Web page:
| 241 (2011)|
Saturday 3:57 AM
| 8°C, Wind S at 11 km/h, 91% Humidity|
Gaulby (or Galby) is a village in East Leicestershire, England, 7 miles east of the city of Leicester. According to the 2001 census it had a population of 131, (including Frisby). including King's Norton and increasing to 241 at the 2011 census.
In the Domesday Book of 1086 the village was recorded as Galbi, one of 230 manors in Leicestershire held by Hugh de Grandmesnil. Through the 12th and 13th centuries the manor was held by the Earls of Leicester, the last Earl being John of Gaunt, Duke of Lancaster (died 1399).
Subsequently the title of Lord of the Manor passed to the Marmion family and thence by marriage to the Haselwood family. In 1610 William Whalley, Lord of the Manor of King's Norton, Leicestershire, purchased the lands from the Haselwoods for £600. He received 663 acres (300 each of arable and pasture), 8 messuages (substantial dwellings with outbuildings and attached land), 4 cottages, a windmill and a dovecote. Excluded from this purchase were the Rectory and the lands of the Dands and Goodmans. From 1614 Whalley, John Dand and George Goodman, by private agreement, carried out piecemeal land enclosure of the open field system. This process was completed in 1649.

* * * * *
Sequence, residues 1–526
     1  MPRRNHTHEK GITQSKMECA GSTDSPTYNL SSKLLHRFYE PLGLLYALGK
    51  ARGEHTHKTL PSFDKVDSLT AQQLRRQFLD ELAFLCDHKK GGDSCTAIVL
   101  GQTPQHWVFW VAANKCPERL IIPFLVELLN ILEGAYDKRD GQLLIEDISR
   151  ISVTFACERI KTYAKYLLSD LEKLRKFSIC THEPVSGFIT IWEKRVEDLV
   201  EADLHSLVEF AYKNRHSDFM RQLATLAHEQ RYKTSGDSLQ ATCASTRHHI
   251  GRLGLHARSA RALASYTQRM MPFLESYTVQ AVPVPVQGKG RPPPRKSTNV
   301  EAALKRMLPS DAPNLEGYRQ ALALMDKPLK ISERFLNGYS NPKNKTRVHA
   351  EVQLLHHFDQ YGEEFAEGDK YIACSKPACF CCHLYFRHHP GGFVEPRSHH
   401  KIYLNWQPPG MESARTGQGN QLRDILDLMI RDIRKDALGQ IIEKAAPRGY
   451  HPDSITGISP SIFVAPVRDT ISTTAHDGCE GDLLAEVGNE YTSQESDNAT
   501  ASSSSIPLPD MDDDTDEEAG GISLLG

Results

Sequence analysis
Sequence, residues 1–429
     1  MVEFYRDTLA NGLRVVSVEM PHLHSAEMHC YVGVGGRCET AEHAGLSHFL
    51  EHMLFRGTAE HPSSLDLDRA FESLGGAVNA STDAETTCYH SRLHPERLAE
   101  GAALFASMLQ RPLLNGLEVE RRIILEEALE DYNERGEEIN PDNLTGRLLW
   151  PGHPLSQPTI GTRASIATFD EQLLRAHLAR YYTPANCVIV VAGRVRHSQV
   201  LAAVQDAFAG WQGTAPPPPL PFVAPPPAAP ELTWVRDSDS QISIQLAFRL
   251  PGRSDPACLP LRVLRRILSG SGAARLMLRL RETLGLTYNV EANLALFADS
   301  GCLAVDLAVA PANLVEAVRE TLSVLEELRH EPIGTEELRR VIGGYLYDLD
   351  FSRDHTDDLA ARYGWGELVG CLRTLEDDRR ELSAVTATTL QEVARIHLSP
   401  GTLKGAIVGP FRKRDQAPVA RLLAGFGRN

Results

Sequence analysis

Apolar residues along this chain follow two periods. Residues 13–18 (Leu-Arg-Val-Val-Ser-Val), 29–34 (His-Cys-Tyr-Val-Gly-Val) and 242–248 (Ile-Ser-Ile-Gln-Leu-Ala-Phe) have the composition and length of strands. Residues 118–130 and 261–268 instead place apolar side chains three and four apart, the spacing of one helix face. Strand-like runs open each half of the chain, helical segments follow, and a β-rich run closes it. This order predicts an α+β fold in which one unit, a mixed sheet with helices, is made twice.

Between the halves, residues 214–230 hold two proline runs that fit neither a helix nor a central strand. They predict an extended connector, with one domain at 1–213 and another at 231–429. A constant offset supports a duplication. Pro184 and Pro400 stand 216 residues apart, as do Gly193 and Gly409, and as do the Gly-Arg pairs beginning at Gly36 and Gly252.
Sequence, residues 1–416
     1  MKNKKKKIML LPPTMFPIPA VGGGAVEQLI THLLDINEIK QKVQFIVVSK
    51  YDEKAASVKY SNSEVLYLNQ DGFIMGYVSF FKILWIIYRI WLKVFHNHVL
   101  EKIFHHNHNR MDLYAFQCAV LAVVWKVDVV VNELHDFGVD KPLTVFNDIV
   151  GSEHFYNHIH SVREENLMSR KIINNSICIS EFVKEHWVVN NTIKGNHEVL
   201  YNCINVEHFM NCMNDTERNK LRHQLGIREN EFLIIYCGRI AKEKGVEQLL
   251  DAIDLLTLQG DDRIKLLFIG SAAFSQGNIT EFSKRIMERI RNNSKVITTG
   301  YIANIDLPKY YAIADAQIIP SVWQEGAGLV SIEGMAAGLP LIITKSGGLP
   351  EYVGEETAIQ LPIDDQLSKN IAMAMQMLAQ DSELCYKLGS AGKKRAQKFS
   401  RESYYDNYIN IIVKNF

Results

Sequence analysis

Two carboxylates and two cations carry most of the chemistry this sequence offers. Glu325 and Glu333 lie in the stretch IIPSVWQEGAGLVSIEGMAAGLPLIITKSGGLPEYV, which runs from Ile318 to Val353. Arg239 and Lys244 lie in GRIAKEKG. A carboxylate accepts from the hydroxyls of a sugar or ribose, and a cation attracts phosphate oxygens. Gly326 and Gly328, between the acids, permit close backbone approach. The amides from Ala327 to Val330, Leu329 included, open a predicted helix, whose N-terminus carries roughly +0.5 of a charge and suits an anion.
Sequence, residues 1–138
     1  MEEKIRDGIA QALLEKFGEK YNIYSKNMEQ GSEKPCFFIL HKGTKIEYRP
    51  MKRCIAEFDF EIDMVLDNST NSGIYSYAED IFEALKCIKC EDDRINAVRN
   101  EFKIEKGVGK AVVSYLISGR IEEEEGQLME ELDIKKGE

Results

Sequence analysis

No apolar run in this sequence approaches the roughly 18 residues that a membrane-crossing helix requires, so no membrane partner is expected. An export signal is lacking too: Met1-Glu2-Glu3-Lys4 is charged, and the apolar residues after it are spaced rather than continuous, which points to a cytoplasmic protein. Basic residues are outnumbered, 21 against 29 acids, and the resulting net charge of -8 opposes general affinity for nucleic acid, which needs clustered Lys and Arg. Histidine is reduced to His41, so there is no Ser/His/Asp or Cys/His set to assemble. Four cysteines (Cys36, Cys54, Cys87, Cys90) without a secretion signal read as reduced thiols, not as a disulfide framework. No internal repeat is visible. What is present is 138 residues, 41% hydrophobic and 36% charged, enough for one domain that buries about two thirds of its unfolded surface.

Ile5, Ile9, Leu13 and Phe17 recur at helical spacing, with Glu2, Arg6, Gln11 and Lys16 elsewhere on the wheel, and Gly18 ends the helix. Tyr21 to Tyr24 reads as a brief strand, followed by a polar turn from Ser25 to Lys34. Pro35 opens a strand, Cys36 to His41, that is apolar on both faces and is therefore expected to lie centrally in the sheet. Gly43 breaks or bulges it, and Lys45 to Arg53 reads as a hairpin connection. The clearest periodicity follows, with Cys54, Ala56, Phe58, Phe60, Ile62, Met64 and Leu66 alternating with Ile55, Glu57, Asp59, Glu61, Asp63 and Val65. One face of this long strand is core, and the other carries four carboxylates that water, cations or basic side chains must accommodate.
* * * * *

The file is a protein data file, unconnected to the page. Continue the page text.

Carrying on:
His descendant, Bernard Whalley, died in 1752, and the two manors were inherited by William Fortrey through Fortrey's mother, who was a Whalley. Fortrey financed the rebuilding of the nave and tower of the parish church of St. Peter in 1741. The church had previously been rebuilt in 1520, and from this 16th-century building the chancel and communion rail survive as the then vicar, Thomas Shaw, refused to let Fortrey touch it. The architect was John Wing the Elder (1698-1753).
On Fortrey's death his nephew Henry Green inherited the manors. In 1791 they were sold to Peers Anthony Keck of Stoughton Grange, and they remained in the hands of the Keck family until 1913 when the majority of the land was sold to the Co-Operative Society and the Wyggeston Hospital Charitable Trust.